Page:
ally sit down and talk with the man
who hasn't made a success of every­
thing he has undertaken the man
who is still looking for "worlds to
conquer" in business enterprise? We
feel it so, and to such we would like
to sit down on a dry goods box and
whittle a stick, figuratively speaking,
and talk sheep, as a sure, quick and
comparatively easy road to success.
Any man who can raise stock of any
kind, with a very little practical ex­
perience, can raise sheep, and espe­
cially is that true here, where climate
and surroundings all tend toward the
success of the enterprise. While the
country adjacent to Bismarck is es­
sentially a stock country, we are just
beginning to feel the on-rush of the
festive homestead seeker, who is en­
croaching upon the domain of the
cattlemen, cutting up the range, but
not so with the man whose wealth is
on the fleecy backs of a well bred band
of sheep. Ten thousand sheep will
"roll in the lap of luxury" where one
thousand head of cattle would starve.
Of the 197 varieties of weeds and
grasses growing in this state, sheep
will eat 150, and cattle not over 23.
In other words where cattle ranging
will soon be practically out of the
question there is yet and will always
be money made in the sheep business
and plenty of range for all. The
quantity of stock handled with the
same outfit is what increases or dimin­
ishes the profits in stock raising of
any kind then why not raise what
you can produce the most of with the
facilities at hand?
We might cite a dozen instances in
this immediate locality where parties
have grown wealthy off of sheep rais­
ing. Take as an example Alfred
Staley, north of Coal Harbor, who with
but a small investment, in the past
three or four years has raised 1,500
or more sheep worth from $6,000 to
$6,500 and not one foot of land his
own. His brother, Charles Staley,
has done equally as well, and is still
at it. One fanner in Emmons county,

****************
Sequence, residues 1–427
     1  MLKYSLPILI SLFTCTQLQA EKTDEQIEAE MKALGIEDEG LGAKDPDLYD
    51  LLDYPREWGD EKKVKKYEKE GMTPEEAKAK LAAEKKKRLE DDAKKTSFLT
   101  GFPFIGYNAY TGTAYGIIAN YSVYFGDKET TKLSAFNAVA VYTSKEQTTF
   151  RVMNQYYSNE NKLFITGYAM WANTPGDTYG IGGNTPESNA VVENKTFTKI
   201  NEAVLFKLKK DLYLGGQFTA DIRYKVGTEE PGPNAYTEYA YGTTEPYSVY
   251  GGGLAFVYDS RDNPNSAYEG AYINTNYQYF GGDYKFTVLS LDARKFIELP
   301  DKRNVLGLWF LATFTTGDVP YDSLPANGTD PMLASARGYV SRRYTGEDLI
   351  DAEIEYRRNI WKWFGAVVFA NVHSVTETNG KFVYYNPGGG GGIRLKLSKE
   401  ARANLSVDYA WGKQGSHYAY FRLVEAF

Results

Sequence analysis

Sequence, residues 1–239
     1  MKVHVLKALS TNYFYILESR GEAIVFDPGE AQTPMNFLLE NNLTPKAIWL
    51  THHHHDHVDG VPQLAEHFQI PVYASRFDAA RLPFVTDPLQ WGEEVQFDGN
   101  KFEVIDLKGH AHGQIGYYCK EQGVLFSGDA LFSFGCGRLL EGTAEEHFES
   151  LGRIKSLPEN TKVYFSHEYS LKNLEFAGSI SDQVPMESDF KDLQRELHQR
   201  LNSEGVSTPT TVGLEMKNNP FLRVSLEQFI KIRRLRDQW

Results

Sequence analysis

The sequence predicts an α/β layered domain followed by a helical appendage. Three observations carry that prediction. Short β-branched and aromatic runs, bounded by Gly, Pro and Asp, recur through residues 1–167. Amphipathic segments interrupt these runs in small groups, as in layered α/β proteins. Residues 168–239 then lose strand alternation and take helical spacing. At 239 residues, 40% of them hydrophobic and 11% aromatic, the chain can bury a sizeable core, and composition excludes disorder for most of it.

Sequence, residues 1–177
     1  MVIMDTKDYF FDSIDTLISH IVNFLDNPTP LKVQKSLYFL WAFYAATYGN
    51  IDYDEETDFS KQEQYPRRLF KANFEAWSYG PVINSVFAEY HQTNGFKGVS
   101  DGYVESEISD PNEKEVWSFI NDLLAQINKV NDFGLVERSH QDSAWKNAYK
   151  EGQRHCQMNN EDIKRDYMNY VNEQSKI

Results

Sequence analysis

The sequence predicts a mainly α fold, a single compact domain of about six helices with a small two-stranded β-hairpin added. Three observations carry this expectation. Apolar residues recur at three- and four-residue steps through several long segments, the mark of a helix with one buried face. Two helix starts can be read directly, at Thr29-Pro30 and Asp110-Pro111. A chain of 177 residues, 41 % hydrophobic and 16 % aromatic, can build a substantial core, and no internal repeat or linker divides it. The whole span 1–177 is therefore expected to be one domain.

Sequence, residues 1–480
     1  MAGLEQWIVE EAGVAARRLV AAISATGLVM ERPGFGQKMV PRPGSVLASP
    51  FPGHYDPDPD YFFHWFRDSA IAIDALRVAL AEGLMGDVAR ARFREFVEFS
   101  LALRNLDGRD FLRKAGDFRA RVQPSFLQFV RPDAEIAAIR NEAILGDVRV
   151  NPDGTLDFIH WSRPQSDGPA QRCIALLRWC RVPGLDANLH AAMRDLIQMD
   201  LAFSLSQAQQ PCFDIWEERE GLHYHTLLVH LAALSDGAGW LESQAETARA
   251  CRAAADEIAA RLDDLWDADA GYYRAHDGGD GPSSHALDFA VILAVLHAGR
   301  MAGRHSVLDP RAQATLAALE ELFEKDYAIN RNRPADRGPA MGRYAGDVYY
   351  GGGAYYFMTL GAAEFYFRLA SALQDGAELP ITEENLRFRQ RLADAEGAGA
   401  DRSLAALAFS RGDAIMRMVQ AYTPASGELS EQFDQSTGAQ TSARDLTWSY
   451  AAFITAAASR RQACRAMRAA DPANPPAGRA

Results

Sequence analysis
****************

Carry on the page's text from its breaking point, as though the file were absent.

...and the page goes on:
south of Bismarck, recently sold out
his band of sheep for $18,000 spot
cash. He walked in twelve years ago.
This sum did not include his other
property accumulated during this
period, and so we might continue to
enumerate instances where practical
experience proves the sheep industry
second to none on the Missouri slope.
We have made money ourselves and
expect to make more in sheep and so
can anyone who gives it a reasanably
fair trial.
A sheep ranch in this state should
not be run on the same plan as those
of the more western states, with their
lack of grown feed, where sheep rais­
ing means nothing but herd, shear and
ship. With the small expense at­
tached to western methods of conduct­
ing this business, an average clip of
four pounds per head gives a sufficient
profit. The sheep turned oft each
year are bought up as "feeders" by
the 'central states buyers as a rule,
and there fitted for market. Aside
from the small clip you will find also
that "territory" wool is low in the
market, on accouunt of dirt and
"dead" fibres, and you must also fig­
ure that they divide their mutton pro­
fits with the man who fits it for the
market, (who by the way gets the
lion's share). All of which points to
good money in them here. You can
and should do away with the methods
that cause this drain in "territory"
flockmasiter's profits. The climate,
bountiful water supply, great variety
of fodder grown and growing tend to
radically change methods in North
Dakota, and makes it among the best
fitted sections in the United States for
the industry, it being all pre-eminent­
ly conducive to producing the weight,
soundness, luster and yolk, so essen­
tial to high grade fleece as well as fit­
ting the lambs for a top price in the
mutton market, to which they are
shipped direct from the range, thus
escaping the "middle man.''
It might be interesting to note what
a given amount of money will earn,
based upon conservative figures
gleaned from experience. Mr. Brown
buys 100 sheep at $3 and places them
upon his Burleigh county ranch. An
increase of from 100 to 120 per cent is
not at all unusual, and with proper
care is almost assured, while under
like circumstances from properly bred
sheep a clip of eight pounds is a fair
average, which at the present price
would give him about $1 per head.
Mr. B. trades his wether lambs for